That’s why, on our standings page, we don’t use season-to-date numbers to forecast a team’s projected record over the rest of the year, but we instead lean on the rest-of-season projections from ZIPS and Steamer and playing time forecasts from updated depth charts. These numbers take 2013 performance into account, but also adjust for a player’s historical norms and where he is on the aging curve, which allows for a better future forecast than just looking at two months worth of data.
Here, you can see the expected coming regression. The Pirates offense is likely to perform a little bit better, jumping from 3.92 runs per game up to 4.18 runs per game, but the run prevention gets a lot worse, rising from 3.40 runs per game to 4.08 runs per game. Overall, those forecasts see the Pirates going just 56-53 the rest of the way, if they don’t make any changes to their roster.
But, here’s the thing; because the Pirates are already 33-20, going 56-53 the rest of the way would cause them to finish with 89 wins, and the full season forecast on the standings page has them ending the year with the sixth best record in all of baseball, and their final record would be good enough to earn them a spot in the Wild Card play-in game against the Reds. And these records don’t take into account the future upgrades that contending teams will make this summer, so you can probably add some additional wins to the teams at the top of the pile. If I had to guess a final record with the expectation that the Pirates will be buyers this summer, I’d probably pick them to finish with somewhere in the 90-92 win range.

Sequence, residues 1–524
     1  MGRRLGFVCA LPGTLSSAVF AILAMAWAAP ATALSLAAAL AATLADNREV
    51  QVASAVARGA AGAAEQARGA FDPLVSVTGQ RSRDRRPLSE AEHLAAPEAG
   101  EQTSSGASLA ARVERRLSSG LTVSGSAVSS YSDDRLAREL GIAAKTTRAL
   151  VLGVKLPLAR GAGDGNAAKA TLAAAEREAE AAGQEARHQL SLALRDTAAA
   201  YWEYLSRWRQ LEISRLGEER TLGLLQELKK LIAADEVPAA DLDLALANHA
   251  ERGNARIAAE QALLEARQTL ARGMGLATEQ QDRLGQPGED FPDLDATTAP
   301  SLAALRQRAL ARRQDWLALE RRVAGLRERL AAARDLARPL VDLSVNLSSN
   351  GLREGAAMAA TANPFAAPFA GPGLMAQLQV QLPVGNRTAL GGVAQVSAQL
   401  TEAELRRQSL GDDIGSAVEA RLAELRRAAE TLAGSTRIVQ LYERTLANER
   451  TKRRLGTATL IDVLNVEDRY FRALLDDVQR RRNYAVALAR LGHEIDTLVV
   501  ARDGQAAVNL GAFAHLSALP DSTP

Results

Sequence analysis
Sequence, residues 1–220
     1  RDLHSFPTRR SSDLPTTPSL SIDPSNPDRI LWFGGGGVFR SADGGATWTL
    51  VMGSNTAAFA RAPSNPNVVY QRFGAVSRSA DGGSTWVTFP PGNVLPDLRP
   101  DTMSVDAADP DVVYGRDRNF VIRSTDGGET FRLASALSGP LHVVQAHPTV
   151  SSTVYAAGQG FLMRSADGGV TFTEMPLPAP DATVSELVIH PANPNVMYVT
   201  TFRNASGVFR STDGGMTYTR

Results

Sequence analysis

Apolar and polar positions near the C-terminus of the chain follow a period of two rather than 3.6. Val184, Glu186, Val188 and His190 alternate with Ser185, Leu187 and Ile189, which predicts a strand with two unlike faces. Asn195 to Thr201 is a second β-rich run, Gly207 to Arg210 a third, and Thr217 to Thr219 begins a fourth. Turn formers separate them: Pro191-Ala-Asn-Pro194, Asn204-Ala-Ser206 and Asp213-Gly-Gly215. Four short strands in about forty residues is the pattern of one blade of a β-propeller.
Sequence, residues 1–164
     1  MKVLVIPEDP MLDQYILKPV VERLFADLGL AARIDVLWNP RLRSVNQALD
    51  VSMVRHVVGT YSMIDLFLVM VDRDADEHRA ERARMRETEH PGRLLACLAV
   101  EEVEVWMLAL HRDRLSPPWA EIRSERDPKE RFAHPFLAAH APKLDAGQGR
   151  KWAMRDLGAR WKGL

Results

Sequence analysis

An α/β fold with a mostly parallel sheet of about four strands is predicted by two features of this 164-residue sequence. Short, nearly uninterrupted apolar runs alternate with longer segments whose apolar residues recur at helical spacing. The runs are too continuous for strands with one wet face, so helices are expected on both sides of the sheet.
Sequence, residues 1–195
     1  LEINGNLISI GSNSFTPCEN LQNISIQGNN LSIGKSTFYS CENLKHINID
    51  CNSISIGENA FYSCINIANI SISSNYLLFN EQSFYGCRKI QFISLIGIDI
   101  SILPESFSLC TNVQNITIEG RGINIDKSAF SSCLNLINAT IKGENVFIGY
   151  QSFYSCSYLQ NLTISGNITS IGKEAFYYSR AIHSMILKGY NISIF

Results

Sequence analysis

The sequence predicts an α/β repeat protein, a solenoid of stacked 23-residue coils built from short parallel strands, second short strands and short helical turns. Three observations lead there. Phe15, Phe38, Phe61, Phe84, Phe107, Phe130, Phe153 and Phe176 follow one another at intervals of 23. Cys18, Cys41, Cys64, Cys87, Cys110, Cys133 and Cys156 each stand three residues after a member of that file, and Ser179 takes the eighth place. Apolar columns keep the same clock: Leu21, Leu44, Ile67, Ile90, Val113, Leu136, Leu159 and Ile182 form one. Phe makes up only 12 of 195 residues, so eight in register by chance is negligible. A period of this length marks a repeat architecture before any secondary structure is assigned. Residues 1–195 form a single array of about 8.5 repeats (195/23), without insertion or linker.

In other words, we can regress the Pirates early season performance heavily, note that they’re playing well over their heads, and that their pitching can’t keep up their current levels while still also acknowledging that they’ve put themselves in pretty good playoff position. Right now, the Pirates should probably be favored to join the Reds as the NL Wild Card teams.
It’s been a long time since Pittsburgh had a winning season. It’s been a long time since Pittsburgh had a baseball team as good as this one. They won’t keep winning at their current pace, but this team should not only be good enough to break the streak of 20 consecutive losing seasons, it might just break the playoff drought as well.